Peptidases are grouped into clans and families.
Clans are groups of families for which there is evidence of common ancestry. Each clan is identified with two letters, the first representing the catalytic type of the families included in the clan. Some families cannot yet be assigned to clans, and when a formal assignment is required, such a family is described as belonging to clan A-, C-, M-, S-, T- or U-, according to the catalytic type.
Families are grouped by their catalytic type, the first character representing the catalytic type: A, aspartic; C, cysteine; G, glutamic acid; M, metallo; S, serine; T, threonine; and U, unknown. The serine, threonine and cysteine peptidases utilise the amino acid as a nucleophile and form an acyl intermediate - these peptidases can also readily act as transferases. In the case of aspartic, glutamic and metallopeptidases, the nucleophile is an activated water molecule.
Metalloproteases are the most diverse of the four main types of protease, with more than 50 families identified to date. In these enzymes, a divalent cation, usually zinc, activates the water molecule. The metal ion is held in place by amino acid ligands, usually three in number. The known metal ligands are His, Glu, Asp or Lys and at least one other residue is required for catalysis, which may play an electrophillic role. (Panther Classification System http://www.pantherdb.org/panther/family.do?clsAccession=PTHR13683)
Of particular interest in this study is aspartyl aminopeptidase (DAP), a widely distributed and abundant cystosolic enzyme and its functions include the removal of glutamyl or aspartyl residues from N-terminal acidic amino acid-containing peptides. DAP is a member of the M18 family of the MH clan of cocatalytic metallopeptidases. (S. Wilks., et. al 2002)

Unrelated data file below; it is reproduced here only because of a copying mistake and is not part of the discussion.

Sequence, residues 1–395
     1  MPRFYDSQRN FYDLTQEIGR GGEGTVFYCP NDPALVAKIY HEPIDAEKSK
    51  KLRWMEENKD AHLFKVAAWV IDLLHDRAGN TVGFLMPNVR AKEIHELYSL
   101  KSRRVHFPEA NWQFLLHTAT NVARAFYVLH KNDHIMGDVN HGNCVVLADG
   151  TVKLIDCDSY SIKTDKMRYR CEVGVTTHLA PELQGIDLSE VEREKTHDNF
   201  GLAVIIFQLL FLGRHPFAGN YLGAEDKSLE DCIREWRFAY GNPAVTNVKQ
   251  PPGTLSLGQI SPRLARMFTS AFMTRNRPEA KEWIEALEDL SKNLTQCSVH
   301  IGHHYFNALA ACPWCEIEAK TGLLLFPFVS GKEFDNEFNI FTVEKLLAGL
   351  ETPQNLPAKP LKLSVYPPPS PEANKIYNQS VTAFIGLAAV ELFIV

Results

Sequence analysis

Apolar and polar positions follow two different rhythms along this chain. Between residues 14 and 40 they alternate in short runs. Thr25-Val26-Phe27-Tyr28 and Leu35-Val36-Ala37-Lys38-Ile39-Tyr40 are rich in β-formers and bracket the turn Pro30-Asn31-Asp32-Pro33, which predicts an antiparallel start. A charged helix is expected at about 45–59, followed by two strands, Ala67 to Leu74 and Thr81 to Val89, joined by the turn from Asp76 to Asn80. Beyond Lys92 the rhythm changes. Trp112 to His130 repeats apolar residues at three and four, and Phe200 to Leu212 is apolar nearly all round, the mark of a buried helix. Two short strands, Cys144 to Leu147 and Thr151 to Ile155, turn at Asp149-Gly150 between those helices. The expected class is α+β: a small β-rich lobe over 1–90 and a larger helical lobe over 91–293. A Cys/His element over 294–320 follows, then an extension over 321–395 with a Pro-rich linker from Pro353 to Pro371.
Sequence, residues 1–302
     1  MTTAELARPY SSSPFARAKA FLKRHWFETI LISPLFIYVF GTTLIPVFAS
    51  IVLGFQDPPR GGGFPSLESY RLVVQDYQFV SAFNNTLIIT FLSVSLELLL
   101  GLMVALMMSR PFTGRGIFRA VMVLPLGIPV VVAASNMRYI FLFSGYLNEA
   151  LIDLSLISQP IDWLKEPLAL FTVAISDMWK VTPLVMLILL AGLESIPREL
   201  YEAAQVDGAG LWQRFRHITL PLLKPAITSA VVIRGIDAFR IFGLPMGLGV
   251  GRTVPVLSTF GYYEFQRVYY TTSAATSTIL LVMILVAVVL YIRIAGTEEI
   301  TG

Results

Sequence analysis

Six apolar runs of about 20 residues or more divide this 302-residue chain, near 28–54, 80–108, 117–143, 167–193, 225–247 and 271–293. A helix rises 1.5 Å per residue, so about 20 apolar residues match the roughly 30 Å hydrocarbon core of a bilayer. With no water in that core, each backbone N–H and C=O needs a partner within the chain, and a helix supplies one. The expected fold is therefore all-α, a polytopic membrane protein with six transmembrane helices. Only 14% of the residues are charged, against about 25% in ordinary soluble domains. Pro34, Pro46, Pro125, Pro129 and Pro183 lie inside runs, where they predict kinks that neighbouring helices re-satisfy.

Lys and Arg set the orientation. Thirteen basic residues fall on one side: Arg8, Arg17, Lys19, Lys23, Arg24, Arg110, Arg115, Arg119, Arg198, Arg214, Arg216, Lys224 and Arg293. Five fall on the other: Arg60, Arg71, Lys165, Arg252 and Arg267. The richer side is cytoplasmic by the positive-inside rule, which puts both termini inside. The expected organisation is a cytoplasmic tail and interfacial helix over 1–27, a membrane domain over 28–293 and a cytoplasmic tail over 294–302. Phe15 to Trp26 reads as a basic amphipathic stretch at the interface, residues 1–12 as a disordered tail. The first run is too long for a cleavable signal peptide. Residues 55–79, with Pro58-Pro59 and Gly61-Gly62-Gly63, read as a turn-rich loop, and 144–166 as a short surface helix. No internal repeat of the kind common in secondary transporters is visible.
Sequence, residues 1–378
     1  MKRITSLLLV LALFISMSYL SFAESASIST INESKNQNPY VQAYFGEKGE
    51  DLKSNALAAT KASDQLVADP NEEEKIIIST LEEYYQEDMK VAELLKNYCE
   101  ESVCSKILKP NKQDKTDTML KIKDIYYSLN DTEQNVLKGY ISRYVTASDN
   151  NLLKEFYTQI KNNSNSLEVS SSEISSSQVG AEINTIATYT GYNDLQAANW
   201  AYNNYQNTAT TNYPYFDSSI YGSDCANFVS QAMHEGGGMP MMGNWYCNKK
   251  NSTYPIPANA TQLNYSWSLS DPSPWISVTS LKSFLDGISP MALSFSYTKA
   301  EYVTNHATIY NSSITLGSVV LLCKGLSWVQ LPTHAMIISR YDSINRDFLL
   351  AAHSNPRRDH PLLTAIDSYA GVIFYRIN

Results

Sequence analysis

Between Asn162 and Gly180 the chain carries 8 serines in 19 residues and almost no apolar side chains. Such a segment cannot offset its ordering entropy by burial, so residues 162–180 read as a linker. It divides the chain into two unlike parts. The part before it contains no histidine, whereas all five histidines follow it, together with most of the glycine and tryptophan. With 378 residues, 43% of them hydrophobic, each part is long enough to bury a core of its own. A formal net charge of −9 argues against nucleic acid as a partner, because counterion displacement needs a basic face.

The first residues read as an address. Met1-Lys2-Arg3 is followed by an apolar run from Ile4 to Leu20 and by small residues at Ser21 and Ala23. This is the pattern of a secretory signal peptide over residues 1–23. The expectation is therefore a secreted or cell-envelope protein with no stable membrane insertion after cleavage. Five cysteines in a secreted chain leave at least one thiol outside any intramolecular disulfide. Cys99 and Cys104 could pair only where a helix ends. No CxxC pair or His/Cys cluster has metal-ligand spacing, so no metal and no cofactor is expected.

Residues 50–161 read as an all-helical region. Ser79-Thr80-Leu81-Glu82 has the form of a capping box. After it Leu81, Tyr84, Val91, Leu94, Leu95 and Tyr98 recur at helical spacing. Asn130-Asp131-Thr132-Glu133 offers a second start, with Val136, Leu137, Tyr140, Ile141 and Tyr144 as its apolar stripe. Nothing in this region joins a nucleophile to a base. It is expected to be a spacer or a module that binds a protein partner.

First detected in mouse brain cystosol as the major enzyme catalyzing the degradation of N-terminal acidic amino acid-containing peptides (J.A. Kelly., et, al. 1983), native DAP has a molecular mass of 440 kDa and is composed of 55 kDa subunits. Amino acids involved in the catalytic mechanism of M18 metallopeptidases are unknown and through experimental means it was hypothesized that histidines are involved in Zn2+ coordinations (S. Wilks., et. al 2002).
Given the conserved histidines, whose functions have been predicted experimentally by site directed mutagenesis, Wilk et al. (2002) we are able to report that these functions concur with the structural data which has recently been resolved. We are also able to propose a working model of the protein as a dodecameric tetrahedral structure with a cocatalytic zinc centre similar to glutamyl aminopeptidase, Russo & Baumann (2004). The unfolded protein substrate is guided through channels in each face of the structure by interacting with some of the conserved histidines (310, 320, 324) around the channel where it comes into contact with the active site at the centre (His82 & 401). One of the residues responsible for securing the structure is His313 which is located at the borders of adjacent subunits. Structural analysis of other highly conserved Glu and Asp residues shows that they cluster around the predicted active site His residues, indicating they conribute to catalytic function but also validating the the prediction that this is the location of the active site.